What one route through the U.S. is considered the ultimate drive for a classic American road trip? While the Pacific Coast Highway, Road to Hana, Lincoln Highway and Blue Ridge Parkway are popular choices, for sure Route 66 is in the mix.
The Mother Road, as it’s also known, became the first road system to link Chicago to Los Angeles in 1938. Over the years this icon of asphalt has been idolized in movies, TV shows, songs and by many families during a road trip or out for a Sunday drive. People still do Sunday drives, right?
Recently we participated in this tradition by rolling along the part of Route 66 that runs through southwest Missouri. While Springfield has grown to be the third-largest city in the Show-Me State, its ties to the past can be found cruising streets such as Kearney, College and Glenstone Avenue. All of these have been, and still are, important to Route 66 since the city was established as “The Birthplace of Route 66.” Springfield is where the now-famous name is said to have been officially proposed in 1926.
One concept in heavy rotation today also said to be invented along the Route in Springfield is the drive-thru restaurant. In 1947, Sheldon “Red” Chaney and his wife Julia opened Red’s Giant Hamburg. Red’s became a popular hangout and lived on for decades as a great place for burgers, fries, shakes and root beer before closing in 1984.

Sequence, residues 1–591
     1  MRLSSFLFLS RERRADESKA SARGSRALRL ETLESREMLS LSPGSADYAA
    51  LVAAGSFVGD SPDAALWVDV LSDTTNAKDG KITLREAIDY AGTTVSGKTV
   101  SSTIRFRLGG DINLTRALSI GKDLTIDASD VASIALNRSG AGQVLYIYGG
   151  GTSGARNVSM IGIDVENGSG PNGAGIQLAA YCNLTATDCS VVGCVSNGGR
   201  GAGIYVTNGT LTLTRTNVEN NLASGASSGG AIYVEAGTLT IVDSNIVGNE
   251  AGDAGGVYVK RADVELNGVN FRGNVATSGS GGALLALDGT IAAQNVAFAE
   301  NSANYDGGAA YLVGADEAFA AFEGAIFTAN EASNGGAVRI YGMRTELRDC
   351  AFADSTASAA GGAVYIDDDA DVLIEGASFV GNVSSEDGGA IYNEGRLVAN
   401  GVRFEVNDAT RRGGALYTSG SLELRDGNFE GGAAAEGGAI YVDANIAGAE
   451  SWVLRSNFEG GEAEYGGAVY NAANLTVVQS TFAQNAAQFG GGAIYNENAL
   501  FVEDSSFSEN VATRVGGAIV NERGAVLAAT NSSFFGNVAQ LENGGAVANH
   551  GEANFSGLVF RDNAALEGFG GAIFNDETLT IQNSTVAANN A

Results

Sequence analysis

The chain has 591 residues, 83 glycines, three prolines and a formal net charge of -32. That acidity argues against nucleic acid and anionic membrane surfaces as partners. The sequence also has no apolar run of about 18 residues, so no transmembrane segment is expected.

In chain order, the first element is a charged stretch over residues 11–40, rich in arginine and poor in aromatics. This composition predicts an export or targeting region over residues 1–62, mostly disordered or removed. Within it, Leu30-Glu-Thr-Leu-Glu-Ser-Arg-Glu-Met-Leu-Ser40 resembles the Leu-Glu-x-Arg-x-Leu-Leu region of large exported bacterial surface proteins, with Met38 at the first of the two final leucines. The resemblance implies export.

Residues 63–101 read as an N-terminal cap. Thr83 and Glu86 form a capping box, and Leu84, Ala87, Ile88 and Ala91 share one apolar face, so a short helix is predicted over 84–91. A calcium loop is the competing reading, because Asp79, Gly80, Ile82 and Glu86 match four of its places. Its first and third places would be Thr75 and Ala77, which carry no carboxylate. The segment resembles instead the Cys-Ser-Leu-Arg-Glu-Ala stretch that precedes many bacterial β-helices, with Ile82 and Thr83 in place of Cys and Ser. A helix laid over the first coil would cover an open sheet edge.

As the story goes, Red couldn’t fit all the letters in the original T-shaped sign to make it clear some power lines, so he just went with “Hamburg.” For part of the current Route 66 rejuvenation in Springfield, a replica of Red’s sign was created and currently sits in a development called the Birthplace of Route 66 Roadside Park (see image above).
Last month, Springfield held its annual Birthplace Route 66 Festival to celebrate the storied road and unveil the new Red’s sign. Complete with live music, 5K run/walk, food, craft vendors, a drive-in movie and car show, attendees took a step back in time while checking out some vintage vehicles.
A visual representation, courtesy of Jim Mayfield, featuring images of Route 66 and the festival can be seen in the slideshow above.